Better known as 'Chuck,' Chapman was born in Minnesota in 1926, and served in World War II (with the Marines at the battle of Iwo Jima) before studying industrial engineering on the 'GI Bill' after the war.
A voracious studier, Chapman attended the University of Detroit and Wayne State University, and continued to take night classes in engineering and other related subjects for more than a decade after the war.
Graduating with a Masters in Automotive Engineering from the Chrysler Institute of Engineering in 1952, Chapman later joined General Motors in 1956, taking up a position in the engineering department of the Buick division, where his initial work revolved around automatic transmissions.
In 1967, after 11 years service with Buick, where he had risen to the position of Assistant Chief Engineer, Chapman moved his family to Germany to take up the position of Chief Engineer with GM's Opel brand. After seeing success with Opel, Chapman was next transferred to Holden, taking up the role of Managing Director at the start of 1976.
During more than a decade of service, Chapman presided over some turbulent times at Holden. These included the closure of assembly plants in Victoria, NSW and Queensland, introduction of the acclaimed Radial Tuned Suspension, axing of the popular Kingswood model range, introduction of the Commodore and Camira, and severing of the relationship with Peter Brock.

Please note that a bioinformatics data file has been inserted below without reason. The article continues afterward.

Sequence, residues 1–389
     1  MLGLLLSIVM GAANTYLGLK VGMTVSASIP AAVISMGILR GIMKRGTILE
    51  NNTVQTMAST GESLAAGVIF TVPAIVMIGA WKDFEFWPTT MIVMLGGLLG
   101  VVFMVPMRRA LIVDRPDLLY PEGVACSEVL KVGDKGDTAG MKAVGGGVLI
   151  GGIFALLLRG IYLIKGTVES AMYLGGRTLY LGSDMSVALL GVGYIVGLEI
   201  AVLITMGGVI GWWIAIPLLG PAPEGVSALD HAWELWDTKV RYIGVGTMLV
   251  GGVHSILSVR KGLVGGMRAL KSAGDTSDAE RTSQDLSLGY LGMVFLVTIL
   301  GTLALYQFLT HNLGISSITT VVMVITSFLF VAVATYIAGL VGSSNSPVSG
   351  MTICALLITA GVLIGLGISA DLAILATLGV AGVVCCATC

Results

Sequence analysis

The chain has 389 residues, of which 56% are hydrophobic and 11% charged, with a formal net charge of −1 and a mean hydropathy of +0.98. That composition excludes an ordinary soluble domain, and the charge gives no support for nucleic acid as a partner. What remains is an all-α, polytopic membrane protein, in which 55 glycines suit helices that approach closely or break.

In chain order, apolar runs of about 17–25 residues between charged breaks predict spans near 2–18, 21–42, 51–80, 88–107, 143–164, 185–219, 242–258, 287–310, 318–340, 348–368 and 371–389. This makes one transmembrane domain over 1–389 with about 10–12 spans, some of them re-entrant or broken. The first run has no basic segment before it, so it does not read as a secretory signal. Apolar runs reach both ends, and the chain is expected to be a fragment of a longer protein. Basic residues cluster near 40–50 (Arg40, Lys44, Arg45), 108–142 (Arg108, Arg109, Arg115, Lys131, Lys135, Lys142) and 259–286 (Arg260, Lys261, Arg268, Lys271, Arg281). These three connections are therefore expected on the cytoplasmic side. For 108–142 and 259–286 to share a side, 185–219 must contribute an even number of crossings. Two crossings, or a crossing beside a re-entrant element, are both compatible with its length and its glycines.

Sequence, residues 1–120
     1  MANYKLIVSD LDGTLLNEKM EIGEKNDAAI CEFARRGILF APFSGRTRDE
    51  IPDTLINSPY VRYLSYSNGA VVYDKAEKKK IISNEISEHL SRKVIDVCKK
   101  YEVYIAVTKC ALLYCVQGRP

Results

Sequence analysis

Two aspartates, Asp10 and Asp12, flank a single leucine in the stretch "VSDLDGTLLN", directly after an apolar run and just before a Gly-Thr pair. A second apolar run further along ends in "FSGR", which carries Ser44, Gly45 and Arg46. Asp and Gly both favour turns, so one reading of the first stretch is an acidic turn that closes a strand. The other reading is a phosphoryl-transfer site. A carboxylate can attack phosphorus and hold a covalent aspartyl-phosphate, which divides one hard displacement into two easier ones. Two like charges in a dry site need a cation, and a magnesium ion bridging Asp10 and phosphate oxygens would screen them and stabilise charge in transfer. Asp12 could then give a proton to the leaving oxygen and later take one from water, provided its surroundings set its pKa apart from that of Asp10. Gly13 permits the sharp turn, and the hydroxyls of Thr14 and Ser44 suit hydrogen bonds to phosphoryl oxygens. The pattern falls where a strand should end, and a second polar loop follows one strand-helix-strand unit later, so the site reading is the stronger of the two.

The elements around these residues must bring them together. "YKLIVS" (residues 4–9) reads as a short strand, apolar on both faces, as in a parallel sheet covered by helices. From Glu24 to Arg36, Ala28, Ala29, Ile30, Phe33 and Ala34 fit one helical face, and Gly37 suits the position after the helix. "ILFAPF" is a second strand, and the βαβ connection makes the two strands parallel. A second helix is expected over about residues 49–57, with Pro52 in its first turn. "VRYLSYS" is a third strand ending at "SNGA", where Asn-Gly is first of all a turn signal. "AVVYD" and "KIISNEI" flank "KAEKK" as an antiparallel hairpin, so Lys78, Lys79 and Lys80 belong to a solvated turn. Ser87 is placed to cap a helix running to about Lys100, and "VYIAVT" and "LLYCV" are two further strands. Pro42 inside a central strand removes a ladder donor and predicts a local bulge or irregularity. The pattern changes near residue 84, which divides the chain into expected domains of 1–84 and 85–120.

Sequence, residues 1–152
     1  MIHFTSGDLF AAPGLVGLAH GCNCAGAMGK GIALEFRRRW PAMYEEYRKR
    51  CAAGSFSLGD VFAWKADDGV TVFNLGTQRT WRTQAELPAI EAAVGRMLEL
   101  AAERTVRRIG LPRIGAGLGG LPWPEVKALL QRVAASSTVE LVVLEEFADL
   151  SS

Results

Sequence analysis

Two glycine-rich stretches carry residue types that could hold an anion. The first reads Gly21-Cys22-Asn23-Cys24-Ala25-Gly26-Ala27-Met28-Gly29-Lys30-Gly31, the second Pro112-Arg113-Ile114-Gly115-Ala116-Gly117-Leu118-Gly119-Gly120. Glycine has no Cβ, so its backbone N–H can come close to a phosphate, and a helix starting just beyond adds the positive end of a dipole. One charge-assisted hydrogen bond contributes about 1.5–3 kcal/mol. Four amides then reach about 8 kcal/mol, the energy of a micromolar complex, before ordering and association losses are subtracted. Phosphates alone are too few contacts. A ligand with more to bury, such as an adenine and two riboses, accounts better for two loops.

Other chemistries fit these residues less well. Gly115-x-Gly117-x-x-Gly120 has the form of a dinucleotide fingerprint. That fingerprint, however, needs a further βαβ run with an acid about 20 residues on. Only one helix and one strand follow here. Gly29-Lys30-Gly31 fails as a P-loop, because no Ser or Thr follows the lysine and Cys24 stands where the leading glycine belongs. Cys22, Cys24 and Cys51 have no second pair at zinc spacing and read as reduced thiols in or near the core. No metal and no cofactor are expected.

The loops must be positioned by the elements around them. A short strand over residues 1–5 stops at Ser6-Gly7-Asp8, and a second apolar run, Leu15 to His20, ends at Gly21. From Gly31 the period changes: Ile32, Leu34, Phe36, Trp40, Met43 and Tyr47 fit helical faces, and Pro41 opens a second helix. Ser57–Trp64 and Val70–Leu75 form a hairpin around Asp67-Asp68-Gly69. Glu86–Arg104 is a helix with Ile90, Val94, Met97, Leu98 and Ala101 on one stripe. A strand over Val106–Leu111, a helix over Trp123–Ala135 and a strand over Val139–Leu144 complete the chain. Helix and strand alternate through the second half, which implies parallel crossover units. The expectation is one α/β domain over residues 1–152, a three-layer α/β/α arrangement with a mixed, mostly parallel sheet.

Heavily criticised at the time, especially for the plant closures, Chapman made the in order to keep the Australian operation afloat. Due to a number of factors (which are covered in greater detail in Norm Darwin's 100 Years of GM in Australia book), Holden's losses had run into the hundreds of millions by the mid-80s, and it's believed to be largely Chapman's efforts that prevented GM from abandoning Australian manufacture entirely at the end of 1986. With the necessary cuts made and efficiences in place, GMH started to turn a profit from 1987 on.
Chapman vacated the Managing Director's role at the end of 1987, his position taken by John Bagshaw. At the ime, Chapman also held the role of vice president of General Motors, in charge of Australia, New Zealand and Southeast Asia (GM Overseas Operations). Retiring shortly afterwards, at the start of 1988, Chapman moved back to the US, where he remarried in 1994. One of the longest serving, and most influential Managing Directors in GMH's history, Chuck Chapman is survived by his second wife, Delores, five children, three stepchildren and numerous grand and great grandchildren.
Images: courtesy Holden and General Motors